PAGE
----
America’s invisible heroes stay at their posts; let’s not replace them with robots

Essential personnel

Every crisis births heroes, but the coronavirus pandemic will open our eyes to a new kind of heroism. Check that: Heroism that had become dangerously invisible to most of us in recent years.

Many workers with unglamorous jobs are rising to occasion in the age of coronavirus — Target employees, grocery shelf stockers, food delivery cyclists, truck drivers. We’re going to need them to remain “at their posts” to ride out the next couple of months. We’re seeing incredible, “old-fashioned” work ethic on display for all. Loyalty. Honor. Duty. It’s awesome to witness. Think of the constant risks taken by delivery workers who visit several dozen strangers’ homes all day, every day. Delivering dinner, sure, but more important, delivering a small bit of normalcy at time when everything else is upside down. For families with parents trying to manage teleworking and e-learning on a crowded kitchen table all day, dinner delivery is indeed an act of heroism.

I’m currently following the plight of Dan Nemeth, a cold food truck driver who brings meat and other perishables to independent stores in Ohio and Pennsylvania. When I last checked in with Nancy, his wife, Dan was on his 9th straight day of driving. As hourly limits have been lifted, he logged 72 hours on the road last week. Nancy is making sure he sleeps once in a while and takes plenty of vitamins.

“It’s all hands on deck,” Nancy told me.

Dan’s a real hero. We should all pray the Dan’s of America stay healthy right now.

But as we pray, the question we should ask ourselves is: after the crisis has passed, how soon might Dan find himself replaced by a robot driver?

When the dust clears on this era of small and large acts of heroism by traditionally “invisible” workers, will corporate America see clear to return the loyalty, honor and duty it has received? Or will be go back to business “as usual.”

I write as usual in quotes because there is nothing usual about the decline of the social contract that we’ve witnessed during the past several decades in corporate America. Not long ago, Henry Ford helped usher in the modern era by promoting the basic notion that workers should be able to afford the goods their company makes, and a full-time worker should be able to afford a home near their company plant. Today, median-level wage workers have no chance to buy a median-priced home in most American cities.

Even worse, America is hurtling madly into the age of the gig worker. To be sure, the gig economy has created opportunities for some — as a full-time freelancer, I have benefitted — but for the most part, it’s a trap. Bean counters at corporations have long fantasized about the benefits of a fully contingent workforce.  Contingent workers — a fancy way of saying fully disposable — are employed at the company’s whim.  Companies don’t care for gig workers at all. No health insurance, no predictable work hours, not even the promise of a paycheck tomorrow. Loyalty? Honor? Duty? These are old-fashioned notions for which there is no column in any bean-counter’s spreadsheet. Companies feel they owe workers nothing beyond today’s pay.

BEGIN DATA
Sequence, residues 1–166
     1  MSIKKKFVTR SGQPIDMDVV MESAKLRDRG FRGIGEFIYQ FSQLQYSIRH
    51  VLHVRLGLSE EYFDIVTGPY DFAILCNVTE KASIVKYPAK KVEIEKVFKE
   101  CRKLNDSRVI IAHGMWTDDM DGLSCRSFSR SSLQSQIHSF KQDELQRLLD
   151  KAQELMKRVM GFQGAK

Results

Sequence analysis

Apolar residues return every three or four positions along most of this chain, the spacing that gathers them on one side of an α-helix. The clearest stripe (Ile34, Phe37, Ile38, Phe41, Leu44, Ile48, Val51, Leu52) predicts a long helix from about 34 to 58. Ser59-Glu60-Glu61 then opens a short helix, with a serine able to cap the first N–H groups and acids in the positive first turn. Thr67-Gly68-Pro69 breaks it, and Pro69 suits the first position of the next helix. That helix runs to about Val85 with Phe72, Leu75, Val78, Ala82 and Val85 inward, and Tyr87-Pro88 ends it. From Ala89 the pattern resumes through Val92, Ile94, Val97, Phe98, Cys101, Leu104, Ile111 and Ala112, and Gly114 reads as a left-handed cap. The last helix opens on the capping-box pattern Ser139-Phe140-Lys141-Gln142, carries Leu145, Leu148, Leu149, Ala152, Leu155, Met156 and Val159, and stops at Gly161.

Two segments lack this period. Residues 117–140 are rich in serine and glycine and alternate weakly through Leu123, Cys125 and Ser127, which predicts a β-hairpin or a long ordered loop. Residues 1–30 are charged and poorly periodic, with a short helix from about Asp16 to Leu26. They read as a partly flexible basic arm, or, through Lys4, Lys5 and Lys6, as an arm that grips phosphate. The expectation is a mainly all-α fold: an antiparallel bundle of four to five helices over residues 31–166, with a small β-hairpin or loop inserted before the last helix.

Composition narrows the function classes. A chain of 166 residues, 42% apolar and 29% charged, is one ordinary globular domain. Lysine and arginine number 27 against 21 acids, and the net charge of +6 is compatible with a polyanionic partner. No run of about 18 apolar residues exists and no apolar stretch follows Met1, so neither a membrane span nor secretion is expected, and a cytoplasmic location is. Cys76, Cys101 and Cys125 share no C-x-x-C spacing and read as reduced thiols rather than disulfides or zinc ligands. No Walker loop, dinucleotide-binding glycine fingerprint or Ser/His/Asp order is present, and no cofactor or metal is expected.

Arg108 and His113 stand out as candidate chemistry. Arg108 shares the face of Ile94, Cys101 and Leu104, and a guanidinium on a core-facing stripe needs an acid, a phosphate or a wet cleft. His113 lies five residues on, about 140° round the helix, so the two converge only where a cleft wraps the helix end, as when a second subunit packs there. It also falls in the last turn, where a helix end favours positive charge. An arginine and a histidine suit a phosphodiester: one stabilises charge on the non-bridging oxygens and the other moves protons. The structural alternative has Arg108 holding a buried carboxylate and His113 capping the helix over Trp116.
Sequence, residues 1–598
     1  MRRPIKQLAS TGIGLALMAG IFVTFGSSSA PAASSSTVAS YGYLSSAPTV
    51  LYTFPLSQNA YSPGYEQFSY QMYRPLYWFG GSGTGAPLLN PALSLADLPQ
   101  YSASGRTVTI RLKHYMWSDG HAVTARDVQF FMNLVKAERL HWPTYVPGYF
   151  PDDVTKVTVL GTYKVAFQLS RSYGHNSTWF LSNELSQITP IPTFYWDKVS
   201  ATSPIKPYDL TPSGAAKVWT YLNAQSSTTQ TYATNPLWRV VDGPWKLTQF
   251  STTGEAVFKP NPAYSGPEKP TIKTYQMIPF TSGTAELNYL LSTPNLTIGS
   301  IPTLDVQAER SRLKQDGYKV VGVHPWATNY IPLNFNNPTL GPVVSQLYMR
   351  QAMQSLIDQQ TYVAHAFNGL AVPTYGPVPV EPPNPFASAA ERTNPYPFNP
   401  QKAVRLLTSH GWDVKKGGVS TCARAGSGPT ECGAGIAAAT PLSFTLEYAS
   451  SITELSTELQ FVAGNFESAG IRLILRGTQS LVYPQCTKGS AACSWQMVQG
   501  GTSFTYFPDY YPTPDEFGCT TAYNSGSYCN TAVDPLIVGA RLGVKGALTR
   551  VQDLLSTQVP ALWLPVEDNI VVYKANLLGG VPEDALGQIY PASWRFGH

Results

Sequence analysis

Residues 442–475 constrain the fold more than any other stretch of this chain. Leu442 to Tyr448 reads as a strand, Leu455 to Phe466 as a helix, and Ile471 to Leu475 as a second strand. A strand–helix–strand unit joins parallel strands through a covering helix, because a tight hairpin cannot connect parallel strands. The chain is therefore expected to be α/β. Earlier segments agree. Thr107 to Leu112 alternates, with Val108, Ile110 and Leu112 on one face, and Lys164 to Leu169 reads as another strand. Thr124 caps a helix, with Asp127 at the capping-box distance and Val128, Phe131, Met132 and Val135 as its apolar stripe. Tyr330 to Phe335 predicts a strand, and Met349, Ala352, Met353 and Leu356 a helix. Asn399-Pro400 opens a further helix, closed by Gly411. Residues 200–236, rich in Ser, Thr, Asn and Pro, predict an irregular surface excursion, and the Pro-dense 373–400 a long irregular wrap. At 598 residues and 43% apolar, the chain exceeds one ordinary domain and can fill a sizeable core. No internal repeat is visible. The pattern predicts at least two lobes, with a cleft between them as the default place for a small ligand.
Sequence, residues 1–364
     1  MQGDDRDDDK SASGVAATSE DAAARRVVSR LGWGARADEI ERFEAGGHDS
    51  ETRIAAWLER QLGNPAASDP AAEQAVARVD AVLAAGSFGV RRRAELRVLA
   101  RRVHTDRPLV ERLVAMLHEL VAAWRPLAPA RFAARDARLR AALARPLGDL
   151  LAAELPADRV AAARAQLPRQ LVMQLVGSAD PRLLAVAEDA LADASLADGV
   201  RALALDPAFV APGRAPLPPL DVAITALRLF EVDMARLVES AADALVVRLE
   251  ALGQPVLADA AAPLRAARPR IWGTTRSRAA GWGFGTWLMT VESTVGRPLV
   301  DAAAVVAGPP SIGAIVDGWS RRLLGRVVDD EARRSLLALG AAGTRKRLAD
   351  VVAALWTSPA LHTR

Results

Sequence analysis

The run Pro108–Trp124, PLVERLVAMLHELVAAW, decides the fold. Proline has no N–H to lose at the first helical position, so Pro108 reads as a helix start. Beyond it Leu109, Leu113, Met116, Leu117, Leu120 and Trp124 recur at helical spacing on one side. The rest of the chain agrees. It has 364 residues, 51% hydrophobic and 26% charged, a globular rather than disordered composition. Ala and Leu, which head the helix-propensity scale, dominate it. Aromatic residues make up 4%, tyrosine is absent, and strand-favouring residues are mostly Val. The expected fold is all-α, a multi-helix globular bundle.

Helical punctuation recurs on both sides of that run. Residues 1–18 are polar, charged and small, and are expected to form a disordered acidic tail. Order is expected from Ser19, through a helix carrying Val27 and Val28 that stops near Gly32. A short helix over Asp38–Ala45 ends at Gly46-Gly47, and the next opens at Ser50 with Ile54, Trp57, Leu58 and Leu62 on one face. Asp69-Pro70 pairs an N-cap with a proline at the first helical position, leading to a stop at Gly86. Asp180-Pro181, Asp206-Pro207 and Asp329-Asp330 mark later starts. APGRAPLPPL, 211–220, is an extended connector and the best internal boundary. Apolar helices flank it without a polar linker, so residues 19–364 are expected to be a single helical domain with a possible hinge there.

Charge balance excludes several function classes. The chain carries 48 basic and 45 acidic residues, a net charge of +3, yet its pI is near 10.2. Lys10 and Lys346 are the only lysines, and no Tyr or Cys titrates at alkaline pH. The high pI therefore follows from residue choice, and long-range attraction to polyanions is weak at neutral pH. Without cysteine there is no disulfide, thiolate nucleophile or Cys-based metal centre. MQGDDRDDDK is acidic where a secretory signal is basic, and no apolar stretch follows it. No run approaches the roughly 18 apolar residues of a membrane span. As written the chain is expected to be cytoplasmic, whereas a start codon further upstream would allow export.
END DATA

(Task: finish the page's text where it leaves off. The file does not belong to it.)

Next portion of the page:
To many, that seemed sensible — it’s just business and so on. Now we see why society depends on social contracts. If we want truck drivers to put in 72 hours a week during a crisis, if we want people to stock grocery store shelves when we are telling everyone else not to leave the homes, then we’re going to have to offer them something more than time-and-a-half to make sure they keep showing up at their posts.

In the book Predictably Irrational, behavioral economist Dan Ariely explains the difference between social norms and market norms.  You show up at a friend’s house for dinner with a bottle of wine (a social norm), not $23.78 to pay for dinner (a market norm). For too long, U.S. companies have gotten away with blending social norms (really, if it’s just a sniffle you should come to work) and market norms (Sorry, you’re laid off).  In the post coronavirus era, that just won’t cut it any longer.

If you see someone showing up for duty, thank them, and tip them if you can. But we can’t forget these acts of heroism when the coronavirus dust settles.  We must make sure employers live up to their end of the bargain. That means sick leave, generous child care help, predictable pay and hours. Above all, it means loyalty returned for loyalty.

(This story was updated after Dan gave me permission to use his name)

 

About Bob Sullivan 1431 Articles
BOB SULLIVAN is a veteran journalist and the author of four books, including the 2008 New York Times Best-Seller, Gotcha Capitalism, and the 2010 New York Times Best Seller, Stop Getting Ripped Off! His latest, The Plateau Effect, was published in 2013, and as a paperback, called Getting Unstuck in 2014. He has won the Society of Professional Journalists prestigious Public Service award, a Peabody award, and The Consumer Federation of America Betty Furness award, and been given Consumer Action’s Consumer Excellence Award.

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